British oil and gas major Shell will face another shareholder rebellion as major investors, including the UK’s biggest pension fund, agree to back a fresh climate resolution after the last one was rejected in 2023.
A total of 27 investors are prepared to back a resolution filed by Dutch shareholder activist group Follow This. The climate resolution calls for Shell to do more to cut its emissions and align its medium-term emissions targets with the goals of the Paris Agreement, which seeks to limit global warming to below 1.5°C.
The coalition of investors, which includes the UK Government-backed pension scheme National Employment Savings Trust (Nest), own a combined 5% of Shell’s shares. Nest is responsible for the pensions of almost a quarter of UK employees.
Diandra Soobiah, the head of responsible investment at Nest, told the Guardian: “We urge Shell to set a credible Scope 3 absolute emissions target. This would demonstrate leadership, show Shell is serious about transitioning its business, and play a role in generating real world change.” Scope 3 emissions include the greenhouse gas emissions that are not directly produced from a company’s own activities. This includes the sourcing of raw materials, the transportation of a finished product and the emissions that are produced when consumers use a product.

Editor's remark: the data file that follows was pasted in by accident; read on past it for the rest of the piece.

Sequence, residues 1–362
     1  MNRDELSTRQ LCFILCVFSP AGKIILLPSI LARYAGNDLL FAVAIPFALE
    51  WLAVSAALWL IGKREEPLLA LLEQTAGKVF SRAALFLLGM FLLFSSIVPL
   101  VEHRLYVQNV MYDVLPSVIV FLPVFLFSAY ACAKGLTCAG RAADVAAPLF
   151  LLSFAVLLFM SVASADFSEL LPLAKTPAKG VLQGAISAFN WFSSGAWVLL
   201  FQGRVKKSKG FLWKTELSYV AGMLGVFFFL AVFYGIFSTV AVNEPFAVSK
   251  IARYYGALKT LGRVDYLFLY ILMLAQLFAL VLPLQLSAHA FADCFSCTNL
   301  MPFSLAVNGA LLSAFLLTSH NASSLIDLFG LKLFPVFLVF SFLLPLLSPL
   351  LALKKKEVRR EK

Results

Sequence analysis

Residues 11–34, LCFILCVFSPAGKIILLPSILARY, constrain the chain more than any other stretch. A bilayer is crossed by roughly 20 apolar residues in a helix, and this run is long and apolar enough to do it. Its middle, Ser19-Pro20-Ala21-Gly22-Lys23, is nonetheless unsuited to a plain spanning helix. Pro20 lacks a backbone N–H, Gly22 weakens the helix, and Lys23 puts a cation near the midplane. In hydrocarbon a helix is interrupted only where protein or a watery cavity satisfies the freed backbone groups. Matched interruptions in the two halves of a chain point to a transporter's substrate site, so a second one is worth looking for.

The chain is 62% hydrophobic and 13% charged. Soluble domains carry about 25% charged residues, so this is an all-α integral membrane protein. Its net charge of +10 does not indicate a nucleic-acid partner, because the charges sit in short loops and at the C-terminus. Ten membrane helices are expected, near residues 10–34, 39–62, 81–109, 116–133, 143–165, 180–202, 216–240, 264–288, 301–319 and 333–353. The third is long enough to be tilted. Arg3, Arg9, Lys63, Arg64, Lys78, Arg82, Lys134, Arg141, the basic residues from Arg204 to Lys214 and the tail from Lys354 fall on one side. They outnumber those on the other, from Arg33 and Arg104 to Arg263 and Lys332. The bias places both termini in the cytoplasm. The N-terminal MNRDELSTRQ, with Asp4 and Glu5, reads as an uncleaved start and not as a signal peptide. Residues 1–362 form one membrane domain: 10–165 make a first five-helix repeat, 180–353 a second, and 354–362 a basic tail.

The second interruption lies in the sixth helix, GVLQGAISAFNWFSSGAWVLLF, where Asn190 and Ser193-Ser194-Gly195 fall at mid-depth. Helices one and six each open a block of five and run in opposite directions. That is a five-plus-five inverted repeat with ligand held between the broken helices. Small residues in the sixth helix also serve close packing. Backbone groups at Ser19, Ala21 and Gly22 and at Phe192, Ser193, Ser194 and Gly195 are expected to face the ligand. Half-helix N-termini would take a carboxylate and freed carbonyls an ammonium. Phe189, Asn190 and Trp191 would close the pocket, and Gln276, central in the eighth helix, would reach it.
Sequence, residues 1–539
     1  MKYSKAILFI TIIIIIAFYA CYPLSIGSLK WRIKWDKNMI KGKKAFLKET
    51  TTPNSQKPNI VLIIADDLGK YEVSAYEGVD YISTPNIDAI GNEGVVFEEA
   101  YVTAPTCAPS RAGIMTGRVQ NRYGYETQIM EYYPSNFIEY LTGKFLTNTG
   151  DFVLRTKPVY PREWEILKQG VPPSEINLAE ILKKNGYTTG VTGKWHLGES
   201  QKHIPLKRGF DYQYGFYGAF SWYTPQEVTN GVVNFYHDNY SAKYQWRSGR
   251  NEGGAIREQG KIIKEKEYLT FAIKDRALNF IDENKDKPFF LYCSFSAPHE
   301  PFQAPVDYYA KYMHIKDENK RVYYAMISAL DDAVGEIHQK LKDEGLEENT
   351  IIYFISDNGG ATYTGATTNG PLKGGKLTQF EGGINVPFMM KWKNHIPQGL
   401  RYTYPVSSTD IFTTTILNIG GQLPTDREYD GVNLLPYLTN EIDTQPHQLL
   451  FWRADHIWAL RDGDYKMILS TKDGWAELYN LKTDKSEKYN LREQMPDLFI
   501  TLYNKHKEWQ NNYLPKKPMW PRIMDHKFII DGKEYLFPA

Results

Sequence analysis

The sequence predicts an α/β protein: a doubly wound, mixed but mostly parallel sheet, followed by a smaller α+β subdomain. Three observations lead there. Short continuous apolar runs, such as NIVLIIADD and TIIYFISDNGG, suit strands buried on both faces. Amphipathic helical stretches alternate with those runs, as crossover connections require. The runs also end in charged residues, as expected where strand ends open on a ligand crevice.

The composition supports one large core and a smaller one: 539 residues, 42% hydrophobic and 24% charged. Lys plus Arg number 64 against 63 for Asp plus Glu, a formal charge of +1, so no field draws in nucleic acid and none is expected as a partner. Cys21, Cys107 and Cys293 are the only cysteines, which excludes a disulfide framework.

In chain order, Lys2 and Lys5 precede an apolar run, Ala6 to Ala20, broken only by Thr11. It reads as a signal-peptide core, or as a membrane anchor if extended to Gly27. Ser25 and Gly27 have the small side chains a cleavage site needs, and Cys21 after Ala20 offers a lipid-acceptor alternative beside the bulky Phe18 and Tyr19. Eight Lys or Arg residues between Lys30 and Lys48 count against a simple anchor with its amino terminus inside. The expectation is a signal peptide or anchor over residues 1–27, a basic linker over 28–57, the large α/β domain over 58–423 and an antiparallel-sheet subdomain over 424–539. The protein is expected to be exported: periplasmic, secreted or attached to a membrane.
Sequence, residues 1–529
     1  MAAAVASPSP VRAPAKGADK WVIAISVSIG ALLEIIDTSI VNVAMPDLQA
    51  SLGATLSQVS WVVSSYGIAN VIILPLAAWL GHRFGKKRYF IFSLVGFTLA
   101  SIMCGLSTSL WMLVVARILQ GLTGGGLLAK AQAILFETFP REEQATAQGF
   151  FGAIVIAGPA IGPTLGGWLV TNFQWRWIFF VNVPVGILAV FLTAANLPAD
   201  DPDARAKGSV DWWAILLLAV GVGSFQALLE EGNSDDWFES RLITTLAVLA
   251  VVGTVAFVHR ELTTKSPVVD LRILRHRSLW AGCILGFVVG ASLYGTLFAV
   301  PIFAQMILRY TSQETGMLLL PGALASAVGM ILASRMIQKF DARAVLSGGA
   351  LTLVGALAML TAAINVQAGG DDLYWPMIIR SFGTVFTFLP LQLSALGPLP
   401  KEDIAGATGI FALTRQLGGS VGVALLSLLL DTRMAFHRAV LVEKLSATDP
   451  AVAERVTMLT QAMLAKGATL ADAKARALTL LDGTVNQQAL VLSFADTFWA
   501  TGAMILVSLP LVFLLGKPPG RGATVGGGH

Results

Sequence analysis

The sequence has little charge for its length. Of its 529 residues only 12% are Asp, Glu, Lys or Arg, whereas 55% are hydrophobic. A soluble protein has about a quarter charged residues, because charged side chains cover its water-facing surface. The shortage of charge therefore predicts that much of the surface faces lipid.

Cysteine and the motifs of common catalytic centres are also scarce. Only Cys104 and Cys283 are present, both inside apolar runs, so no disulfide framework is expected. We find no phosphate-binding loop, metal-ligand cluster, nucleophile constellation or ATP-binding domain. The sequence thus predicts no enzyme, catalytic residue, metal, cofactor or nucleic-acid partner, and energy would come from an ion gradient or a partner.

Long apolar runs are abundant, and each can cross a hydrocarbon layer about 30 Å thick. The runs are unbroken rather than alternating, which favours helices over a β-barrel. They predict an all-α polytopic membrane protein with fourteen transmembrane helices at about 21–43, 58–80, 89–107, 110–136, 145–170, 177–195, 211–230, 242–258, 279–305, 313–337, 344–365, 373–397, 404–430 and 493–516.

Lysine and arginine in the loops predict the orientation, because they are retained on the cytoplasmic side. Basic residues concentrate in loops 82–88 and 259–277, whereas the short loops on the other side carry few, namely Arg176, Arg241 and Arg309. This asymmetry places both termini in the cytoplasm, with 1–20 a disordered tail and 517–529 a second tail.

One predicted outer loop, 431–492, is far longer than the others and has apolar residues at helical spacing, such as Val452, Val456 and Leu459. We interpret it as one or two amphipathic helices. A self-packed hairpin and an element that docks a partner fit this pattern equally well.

The resolution has also won the support of French asset management company Amundi, which oversees approximately €2trn ($2.17trn) in assets.
Follow This founder Mark Van Baal has said that the resolution now has the backing of investors that manage a combined €4trn in assets. He said: “This escalation of 27 leading investors puts the call for emissions reductions by energy companies front and centre for all institutional investors.”
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Shareholders will vote on the climate resolution at the company’s annual general meeting (AGM), currently due to be held in May. Last year, Shell’s AGM saw climate protests delay the start of a meeting in which investors voted down calls to renew emissions targets.
A group of investors, led by Follow This and including Nest, also filed a similar resolution against Shell and other oil majors last year, which was ultimately rejected. In 2022, Follow This received 20% of votes for a similar resolution.
A Shell spokesperson said: “The 2024 resolution from Follow This is broadly unchanged from their 2023 submission, which was rejected by shareholders (as its variations have been every year since first being submitted in 2016).
“Shell’s board has previously advised shareholders that the Follow This resolution was unrealistic and simplistic, that it would have no impact on mitigating climate change, have negative consequences for our customers, and was against the interests of the company and our shareholders.”